The Scientific Activist

The National Academies today released their report on Surface Temperature Reconstructions for the Last 2,000 Years. The verdict? “High confidence that planet is warmest in 400 years; less confidence in temperature reconstructions prior to 1600.” The reviews from around the web are equally mixed, although generally agreeing that the report vindicates Mann’s hockey stick model. Tim Lambert offers a round-up of them over at Deltoid.

I also noticed one familiar name in the list of the report’s authors: Gerald North (the committee’s chair), who’s a meteorology professor at my alma mater, Texas A&M University. I interviewed North back in the spring of 2005, when I was writing a story on some of the latest developments in climate change research. Although the topic was probably too broad, the story turned out well, and you can read it here.


  1. #1 Dennis
    June 23, 2006

    Not to sound like one of these C02 is life people, but being the warmest since 1600 isn’t really saying much. I thought even most of the anti-regulatory hacks accept that we’re currently in a warming period, the question seems to be whether this warm period is warmer than other ones. Seeing how 1600 was around the peak of the Little Ice Age doesn’t do much to improve the argument. I would guess the temperature reconstructions prior to 1600 (especially during the Medieval Warm Period) would be much more important to the debate.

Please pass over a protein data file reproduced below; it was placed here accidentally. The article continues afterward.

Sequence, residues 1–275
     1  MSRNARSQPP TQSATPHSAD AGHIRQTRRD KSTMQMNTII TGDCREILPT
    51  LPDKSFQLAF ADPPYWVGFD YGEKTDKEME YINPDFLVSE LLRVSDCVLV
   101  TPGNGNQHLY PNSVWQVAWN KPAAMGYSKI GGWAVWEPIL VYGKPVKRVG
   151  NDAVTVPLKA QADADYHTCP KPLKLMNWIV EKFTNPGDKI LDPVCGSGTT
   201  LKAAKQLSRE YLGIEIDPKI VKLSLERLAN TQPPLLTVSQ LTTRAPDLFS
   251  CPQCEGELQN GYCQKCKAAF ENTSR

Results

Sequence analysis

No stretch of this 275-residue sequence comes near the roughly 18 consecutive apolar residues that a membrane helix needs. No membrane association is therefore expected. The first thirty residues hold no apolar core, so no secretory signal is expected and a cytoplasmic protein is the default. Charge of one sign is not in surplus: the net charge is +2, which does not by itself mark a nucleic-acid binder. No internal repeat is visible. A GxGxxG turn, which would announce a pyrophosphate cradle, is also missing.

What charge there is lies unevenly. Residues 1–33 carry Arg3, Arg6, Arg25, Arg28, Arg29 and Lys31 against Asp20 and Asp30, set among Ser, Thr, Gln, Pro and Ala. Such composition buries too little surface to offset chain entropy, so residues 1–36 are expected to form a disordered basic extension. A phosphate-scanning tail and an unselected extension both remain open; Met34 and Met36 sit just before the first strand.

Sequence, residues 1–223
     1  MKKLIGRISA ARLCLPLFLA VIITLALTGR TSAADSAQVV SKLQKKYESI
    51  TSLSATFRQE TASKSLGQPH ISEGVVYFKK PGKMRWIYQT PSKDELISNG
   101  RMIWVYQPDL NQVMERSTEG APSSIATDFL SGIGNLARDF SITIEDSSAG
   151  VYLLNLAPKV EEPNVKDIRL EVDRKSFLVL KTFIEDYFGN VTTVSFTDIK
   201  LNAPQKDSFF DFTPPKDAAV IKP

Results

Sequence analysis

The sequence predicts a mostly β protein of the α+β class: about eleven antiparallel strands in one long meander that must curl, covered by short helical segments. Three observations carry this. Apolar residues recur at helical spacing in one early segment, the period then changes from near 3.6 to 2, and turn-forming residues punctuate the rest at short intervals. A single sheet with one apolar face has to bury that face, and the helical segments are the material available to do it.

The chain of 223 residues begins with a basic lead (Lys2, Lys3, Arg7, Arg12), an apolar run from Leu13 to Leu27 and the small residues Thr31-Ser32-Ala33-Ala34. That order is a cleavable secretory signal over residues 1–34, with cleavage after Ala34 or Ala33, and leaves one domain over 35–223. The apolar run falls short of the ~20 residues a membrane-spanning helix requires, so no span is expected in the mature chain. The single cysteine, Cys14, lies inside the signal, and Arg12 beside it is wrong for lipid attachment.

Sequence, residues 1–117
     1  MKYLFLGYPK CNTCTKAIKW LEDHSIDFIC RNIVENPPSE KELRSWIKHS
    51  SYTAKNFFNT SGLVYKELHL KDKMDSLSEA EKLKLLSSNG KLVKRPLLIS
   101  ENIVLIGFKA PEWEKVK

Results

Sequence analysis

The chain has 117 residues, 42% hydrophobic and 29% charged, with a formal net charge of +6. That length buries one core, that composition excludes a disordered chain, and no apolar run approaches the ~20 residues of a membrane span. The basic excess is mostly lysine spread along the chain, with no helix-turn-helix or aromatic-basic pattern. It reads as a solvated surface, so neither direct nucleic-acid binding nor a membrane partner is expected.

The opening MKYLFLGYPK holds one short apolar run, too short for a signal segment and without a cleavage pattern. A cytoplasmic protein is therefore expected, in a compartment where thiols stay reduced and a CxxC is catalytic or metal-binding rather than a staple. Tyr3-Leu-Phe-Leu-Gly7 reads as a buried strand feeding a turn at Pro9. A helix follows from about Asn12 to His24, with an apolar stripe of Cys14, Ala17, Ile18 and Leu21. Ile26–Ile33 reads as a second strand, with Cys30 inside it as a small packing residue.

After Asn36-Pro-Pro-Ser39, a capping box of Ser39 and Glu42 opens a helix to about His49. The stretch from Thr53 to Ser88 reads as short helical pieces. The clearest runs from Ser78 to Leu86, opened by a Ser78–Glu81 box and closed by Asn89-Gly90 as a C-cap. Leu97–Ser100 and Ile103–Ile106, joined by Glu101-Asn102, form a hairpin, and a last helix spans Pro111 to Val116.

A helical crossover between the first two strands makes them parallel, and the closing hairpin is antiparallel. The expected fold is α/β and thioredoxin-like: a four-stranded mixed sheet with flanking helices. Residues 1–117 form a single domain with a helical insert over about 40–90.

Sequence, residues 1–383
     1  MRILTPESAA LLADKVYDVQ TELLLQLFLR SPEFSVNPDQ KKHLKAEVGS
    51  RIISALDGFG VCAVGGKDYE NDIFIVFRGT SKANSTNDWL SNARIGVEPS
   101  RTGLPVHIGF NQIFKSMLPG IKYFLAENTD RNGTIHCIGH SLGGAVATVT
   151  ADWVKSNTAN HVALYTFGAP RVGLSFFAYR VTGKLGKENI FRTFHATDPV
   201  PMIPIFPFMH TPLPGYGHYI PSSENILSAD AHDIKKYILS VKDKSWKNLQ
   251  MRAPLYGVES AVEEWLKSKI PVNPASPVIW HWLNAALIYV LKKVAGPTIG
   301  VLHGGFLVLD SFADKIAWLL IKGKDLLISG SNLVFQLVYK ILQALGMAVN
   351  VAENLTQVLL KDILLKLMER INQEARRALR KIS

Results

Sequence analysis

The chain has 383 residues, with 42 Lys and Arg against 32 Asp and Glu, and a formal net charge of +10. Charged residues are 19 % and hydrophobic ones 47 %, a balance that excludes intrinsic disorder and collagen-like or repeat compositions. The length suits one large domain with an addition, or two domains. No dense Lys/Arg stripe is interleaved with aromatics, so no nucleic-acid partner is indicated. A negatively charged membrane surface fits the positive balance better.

2. #2 Nick Anthis
    June 23, 2006

    I would disagree. I think the facts that temperatures have risen so dramatically in recent years and that this rise is correlated with increasing CO2 concentrations in the atmosphere are more significant.

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